ghost perfectly legitimate, definitely-crossed-the-line goal appears to have some company in the pantheon of controversial decisions at the pointy end of competitions between Chelsea and Liverpool.
That moment? Adrian’s game-winning save in the penalty shoot out last night in the UEFA Super Cup. Upon replay, it was evident to any and all observers that the veteran Spanish goalkeeper had just come off his line before the ball was kicked. By the book, the pen should have been retaken. But then again, you try to tell the joyous, sprinting Jurgen Klopp that his celebrations were premature.
“The goalkeeper must have at least part of one foot on/in line with the goal line when the kick is taken; cannot stand behind the line,” is the official by the book ruling, according to UEFA.
However, after the match ESPN reported that Roberto Rosetti, UEFA Chief Refereeing Officer, claimed that the save was in line with how the rule should be interpreted.
“Goalkeepers will only be penalised by VAR for leaving the line if it’s a blatant and clear violation of the new law,” Rosetti said.
This interpretation is probably the one that will be most welcomed by fans (especially Liverpool fans, in this case). Football is still a game of emotions, and the scenes after Adrian’s save would have been difficult—if not impossible—to reel in, especially on such a slight technicality.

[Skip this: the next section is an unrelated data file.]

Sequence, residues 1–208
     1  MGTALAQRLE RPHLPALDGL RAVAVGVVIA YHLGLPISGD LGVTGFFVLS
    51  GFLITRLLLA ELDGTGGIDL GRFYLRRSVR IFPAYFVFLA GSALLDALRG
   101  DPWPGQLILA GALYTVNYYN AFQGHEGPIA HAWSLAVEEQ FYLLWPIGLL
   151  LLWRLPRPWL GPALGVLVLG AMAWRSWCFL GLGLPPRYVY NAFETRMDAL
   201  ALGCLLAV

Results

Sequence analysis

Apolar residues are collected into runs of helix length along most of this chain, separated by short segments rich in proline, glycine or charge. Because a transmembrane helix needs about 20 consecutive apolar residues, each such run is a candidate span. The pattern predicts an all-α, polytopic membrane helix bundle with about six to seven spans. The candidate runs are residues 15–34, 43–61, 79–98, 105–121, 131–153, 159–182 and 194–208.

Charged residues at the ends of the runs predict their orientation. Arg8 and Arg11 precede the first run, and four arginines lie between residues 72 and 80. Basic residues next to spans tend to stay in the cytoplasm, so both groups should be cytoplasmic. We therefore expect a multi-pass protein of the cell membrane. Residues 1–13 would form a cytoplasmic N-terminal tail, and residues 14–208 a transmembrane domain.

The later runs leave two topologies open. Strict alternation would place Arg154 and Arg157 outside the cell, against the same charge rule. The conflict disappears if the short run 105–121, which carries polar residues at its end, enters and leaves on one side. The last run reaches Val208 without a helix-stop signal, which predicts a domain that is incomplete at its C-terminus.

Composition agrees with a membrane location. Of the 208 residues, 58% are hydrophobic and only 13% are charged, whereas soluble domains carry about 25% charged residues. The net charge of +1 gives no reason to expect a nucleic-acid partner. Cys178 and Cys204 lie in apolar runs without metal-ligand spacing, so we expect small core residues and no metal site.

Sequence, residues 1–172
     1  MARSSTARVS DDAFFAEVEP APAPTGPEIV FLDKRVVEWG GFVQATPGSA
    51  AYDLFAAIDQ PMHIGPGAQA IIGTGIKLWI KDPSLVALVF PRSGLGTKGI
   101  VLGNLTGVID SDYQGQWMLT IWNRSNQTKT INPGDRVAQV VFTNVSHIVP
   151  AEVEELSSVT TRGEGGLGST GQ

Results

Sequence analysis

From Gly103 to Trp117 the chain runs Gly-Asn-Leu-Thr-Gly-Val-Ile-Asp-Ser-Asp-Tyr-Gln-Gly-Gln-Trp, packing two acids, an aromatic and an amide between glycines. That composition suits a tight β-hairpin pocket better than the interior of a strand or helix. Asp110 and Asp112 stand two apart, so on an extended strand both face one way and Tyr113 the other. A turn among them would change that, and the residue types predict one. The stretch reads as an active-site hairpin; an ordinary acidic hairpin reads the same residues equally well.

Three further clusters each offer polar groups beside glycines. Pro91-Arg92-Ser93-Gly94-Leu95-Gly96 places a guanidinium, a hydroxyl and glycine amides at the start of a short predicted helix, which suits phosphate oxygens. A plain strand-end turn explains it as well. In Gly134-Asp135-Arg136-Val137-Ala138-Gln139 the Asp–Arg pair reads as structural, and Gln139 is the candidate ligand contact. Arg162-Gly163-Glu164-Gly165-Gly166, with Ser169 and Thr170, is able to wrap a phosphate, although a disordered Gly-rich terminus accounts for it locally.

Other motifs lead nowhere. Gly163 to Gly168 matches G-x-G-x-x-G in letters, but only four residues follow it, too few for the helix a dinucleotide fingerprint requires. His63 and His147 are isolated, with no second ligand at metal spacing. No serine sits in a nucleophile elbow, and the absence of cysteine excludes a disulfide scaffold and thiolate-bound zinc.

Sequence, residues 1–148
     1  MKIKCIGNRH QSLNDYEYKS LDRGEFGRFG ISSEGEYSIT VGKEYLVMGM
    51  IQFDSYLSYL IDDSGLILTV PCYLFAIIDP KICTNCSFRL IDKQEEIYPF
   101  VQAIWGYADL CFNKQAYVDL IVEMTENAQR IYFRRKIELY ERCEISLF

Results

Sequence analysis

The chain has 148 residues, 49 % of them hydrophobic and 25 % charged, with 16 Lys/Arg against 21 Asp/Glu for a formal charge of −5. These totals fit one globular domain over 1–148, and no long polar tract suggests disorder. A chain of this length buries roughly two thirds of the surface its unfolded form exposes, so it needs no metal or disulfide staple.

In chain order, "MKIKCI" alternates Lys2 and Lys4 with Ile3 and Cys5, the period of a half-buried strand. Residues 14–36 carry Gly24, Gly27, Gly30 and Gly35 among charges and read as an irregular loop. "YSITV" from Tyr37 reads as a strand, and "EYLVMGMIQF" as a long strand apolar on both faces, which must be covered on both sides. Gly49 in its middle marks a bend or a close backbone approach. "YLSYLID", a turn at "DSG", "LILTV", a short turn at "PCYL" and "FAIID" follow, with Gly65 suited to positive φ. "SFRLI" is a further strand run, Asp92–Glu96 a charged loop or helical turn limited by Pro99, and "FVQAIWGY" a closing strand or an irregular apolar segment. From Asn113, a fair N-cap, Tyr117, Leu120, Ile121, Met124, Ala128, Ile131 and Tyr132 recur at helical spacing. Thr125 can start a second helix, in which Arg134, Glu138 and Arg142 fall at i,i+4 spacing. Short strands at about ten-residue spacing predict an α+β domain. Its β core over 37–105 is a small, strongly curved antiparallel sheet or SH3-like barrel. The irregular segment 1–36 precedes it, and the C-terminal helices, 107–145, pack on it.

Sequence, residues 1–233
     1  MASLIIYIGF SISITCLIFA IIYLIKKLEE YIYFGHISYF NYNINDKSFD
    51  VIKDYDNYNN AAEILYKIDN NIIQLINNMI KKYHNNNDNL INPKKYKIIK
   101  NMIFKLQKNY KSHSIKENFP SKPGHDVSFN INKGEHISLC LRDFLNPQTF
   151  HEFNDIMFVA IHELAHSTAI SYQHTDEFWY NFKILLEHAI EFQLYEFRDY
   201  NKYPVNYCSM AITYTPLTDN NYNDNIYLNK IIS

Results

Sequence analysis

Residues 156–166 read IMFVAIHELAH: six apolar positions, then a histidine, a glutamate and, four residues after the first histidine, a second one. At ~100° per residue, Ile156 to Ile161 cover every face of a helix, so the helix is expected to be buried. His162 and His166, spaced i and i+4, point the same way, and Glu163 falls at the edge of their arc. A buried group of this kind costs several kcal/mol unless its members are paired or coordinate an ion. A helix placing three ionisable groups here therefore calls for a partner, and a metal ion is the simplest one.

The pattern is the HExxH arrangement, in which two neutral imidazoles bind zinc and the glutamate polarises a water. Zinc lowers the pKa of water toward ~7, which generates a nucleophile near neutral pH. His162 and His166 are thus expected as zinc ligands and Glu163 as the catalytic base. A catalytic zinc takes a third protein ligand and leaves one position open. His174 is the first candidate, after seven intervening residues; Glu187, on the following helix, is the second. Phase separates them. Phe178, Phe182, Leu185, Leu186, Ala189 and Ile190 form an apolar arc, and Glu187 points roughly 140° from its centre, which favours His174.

We saw over the summer at the Women’s World Cup just how bad over-officiating penalties through the use of VAR was for the game. And it seems like UEFA (along with other leagues, including the Bundesliga) have considered a softening of the interpretation to be a good thing.
Alternatively, this could just be a poor attempt at media spin, or UEFA “interpreting” the rules after the fact. Either way, if they’ve set a new standard (i.e. “try to keep one foot on or near the line until the ball is kicked, pretty please”), it seems to be a good and workable one. Until it goes against us, at least.